Though she felt very emotional, Janie understood that love was not something you could express verbally and she therefore chose not to speak. In Janie’s first relationship with Logan, it becomes clear that Janie had both her voice and emotional strength. Expecting that marriage would bring love, Janie married a farmer, Logan Killicks, at a young age. Yet her relationship with him was not what she expected. He was ugly and lazy and didn’t even give a thought to Janie’s feelings.
Emily is taught that women stay in the house and iron; she is not encouraged enough by her mother early on. The mother regrets her failure to teach her daughter that she can make her own path through life, claiming her “wisdom came too late” and that she can only hope that Emily “ know[s]- that she is more than this dress on the ironing board, helpless before the iron” (Olsen 298). The narrator failed to guide her daughter through life and to help her avoid some of the mistakes she made. Emily will likely fall down the same path the narrator has taken, because of the perpetual nature of
Barstow explains, “Connie shuts the door on childhood. Oates seems to suggest that if either one of them had made the effort to communicate, Connie might have remained safely a child until old enough to choose the future,” (P:6). This quote is particularly interesting because it is referencing directly to Connie’s childhood and bringing in that nurturing aspect that is being studied. Barstow is directly explaining that because her and her mother did not communicate, Connie is led to grow out of her childhood stage at a younger age, yet she is still very immature and vain in many ways and is not ready to grow out of it yet. Throughout the story of Where are you Going… Connie is caught in between that middle stage of childhood and adult and she thinks she has got life all figured out, but in reality, her actions of vanity and disobeying her parents prove otherwise.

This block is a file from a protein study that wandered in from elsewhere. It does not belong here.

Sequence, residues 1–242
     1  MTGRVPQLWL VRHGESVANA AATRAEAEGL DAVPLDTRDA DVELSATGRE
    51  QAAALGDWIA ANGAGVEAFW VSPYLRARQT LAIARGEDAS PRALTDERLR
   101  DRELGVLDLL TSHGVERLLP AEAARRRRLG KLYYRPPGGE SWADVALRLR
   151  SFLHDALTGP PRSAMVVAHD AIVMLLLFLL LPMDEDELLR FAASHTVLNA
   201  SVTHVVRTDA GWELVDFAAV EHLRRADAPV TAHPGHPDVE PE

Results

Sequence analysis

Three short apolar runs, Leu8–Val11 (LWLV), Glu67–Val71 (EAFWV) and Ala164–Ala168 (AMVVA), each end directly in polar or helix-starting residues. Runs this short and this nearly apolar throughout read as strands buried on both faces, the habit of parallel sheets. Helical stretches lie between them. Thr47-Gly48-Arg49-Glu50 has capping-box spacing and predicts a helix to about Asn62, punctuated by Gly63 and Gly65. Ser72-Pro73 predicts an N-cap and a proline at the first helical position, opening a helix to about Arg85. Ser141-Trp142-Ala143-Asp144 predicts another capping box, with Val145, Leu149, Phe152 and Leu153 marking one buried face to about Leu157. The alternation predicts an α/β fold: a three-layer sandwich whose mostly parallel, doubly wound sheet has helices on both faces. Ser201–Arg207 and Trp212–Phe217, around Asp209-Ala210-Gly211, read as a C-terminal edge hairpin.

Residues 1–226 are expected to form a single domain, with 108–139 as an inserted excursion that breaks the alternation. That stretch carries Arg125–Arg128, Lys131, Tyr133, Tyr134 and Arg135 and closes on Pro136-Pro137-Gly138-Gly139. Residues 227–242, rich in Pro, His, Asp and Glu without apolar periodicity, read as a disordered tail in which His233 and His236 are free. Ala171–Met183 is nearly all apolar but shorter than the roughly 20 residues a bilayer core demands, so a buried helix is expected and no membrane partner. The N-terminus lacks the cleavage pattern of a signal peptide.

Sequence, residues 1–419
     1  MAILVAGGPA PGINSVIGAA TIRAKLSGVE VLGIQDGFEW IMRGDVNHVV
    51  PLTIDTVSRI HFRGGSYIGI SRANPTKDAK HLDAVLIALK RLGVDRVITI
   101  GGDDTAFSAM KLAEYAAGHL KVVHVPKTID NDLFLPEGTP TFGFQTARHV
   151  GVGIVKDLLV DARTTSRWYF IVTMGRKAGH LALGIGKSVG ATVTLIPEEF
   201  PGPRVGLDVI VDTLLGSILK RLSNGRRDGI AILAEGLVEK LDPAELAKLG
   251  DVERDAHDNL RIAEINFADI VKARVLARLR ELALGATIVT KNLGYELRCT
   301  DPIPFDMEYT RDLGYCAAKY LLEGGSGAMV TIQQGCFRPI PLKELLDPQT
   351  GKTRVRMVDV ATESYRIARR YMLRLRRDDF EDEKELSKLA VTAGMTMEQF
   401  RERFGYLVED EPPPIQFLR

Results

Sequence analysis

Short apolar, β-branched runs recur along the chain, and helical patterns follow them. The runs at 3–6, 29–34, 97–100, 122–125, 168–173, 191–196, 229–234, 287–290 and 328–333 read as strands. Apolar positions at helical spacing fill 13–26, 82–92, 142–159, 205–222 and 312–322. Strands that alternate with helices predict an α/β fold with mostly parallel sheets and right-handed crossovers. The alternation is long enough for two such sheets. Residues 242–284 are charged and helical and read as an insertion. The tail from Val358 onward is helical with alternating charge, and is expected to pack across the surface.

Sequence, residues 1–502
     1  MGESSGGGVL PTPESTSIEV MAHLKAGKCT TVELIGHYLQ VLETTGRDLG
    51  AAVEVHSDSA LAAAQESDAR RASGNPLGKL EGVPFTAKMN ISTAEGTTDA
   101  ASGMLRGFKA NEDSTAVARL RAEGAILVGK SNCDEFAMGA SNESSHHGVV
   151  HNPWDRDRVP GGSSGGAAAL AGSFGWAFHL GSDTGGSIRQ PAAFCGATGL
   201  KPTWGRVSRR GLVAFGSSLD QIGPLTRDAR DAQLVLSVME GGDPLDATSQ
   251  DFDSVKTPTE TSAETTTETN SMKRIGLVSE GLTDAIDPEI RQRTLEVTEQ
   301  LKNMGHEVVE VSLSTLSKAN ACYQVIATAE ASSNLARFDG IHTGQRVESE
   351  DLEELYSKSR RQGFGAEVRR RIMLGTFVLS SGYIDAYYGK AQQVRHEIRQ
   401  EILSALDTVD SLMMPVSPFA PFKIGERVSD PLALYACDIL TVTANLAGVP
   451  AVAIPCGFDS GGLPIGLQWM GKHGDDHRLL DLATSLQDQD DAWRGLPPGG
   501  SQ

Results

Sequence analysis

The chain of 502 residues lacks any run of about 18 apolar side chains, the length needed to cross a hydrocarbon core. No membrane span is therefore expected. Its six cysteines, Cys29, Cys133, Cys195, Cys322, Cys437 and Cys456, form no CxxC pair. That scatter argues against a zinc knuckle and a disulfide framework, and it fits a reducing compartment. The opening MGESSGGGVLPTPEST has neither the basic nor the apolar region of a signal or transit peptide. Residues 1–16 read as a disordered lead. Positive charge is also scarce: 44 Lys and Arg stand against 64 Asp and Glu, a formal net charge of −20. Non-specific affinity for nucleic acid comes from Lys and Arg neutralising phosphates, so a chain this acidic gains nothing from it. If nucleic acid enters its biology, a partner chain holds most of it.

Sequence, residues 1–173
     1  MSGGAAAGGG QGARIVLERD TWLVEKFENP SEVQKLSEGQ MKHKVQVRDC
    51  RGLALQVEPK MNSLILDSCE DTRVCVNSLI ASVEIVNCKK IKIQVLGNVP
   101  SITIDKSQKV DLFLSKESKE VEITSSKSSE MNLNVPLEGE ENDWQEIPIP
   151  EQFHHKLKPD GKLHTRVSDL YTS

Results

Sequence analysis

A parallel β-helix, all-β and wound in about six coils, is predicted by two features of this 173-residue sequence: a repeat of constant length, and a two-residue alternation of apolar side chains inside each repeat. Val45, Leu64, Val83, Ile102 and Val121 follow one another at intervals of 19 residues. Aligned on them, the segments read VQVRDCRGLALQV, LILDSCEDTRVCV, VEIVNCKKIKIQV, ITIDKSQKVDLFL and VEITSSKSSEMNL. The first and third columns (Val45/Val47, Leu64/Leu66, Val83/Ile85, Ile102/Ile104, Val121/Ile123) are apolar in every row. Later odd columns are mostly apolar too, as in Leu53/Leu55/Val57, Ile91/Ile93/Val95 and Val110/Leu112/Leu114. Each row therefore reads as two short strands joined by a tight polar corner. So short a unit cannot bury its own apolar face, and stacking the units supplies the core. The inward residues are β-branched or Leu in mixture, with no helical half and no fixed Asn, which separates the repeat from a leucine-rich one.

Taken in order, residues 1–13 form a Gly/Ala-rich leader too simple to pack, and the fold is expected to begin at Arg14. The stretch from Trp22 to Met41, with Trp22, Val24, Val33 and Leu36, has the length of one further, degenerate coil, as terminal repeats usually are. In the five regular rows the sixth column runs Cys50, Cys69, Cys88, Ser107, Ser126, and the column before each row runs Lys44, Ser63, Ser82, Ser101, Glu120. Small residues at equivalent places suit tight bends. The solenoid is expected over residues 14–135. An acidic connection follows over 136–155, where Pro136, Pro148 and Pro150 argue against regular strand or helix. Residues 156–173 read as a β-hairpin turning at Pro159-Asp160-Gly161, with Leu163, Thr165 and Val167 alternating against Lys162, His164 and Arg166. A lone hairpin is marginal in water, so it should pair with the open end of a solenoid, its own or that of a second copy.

Janie desired an equal and loving marriage, neither of which she obtained by her first marriage. Janie was forced into marriage by her grandmother, Nanny, as Nanny thought this would protect Janie after she had been caught kissing Johnny Taylor (The Concept of Love and Marriage in Zora Neale Hurston 's Their Eyes Were Watching God). Nanny forced Janie into a hasty marriage with Mr. Logan Killicks, who Nanny believed would be the most decent option for Janie, as he was financially stable and owned sixty acres of farmland (Haurykiewicz). However, Janie did not wish to be in a loveless marriage and pleaded, “Ah ain’t gointuh do it no mo’, Nanny. Please don’t make me marry Mr. Killicks” (Hurston, 14).
Knowing that her own time has passed, she wants her daughter to succeed by any means necessary, but she never stops to think of what her daughter might want. She strictly adheres to her plan, and her overbearing parenting only leaves the daughter with feelings of disapproval and questions of self-worth. The mother does not realize the controversy that she creates, and she cannot understand that her actions could be wrong. She also does not realize that she is hurting not only her daughter, but also the relationship that should bind the two of them ... ... middle of paper ... ...by the wrong person. Only after the death of her mother can she let her guilt override her pride.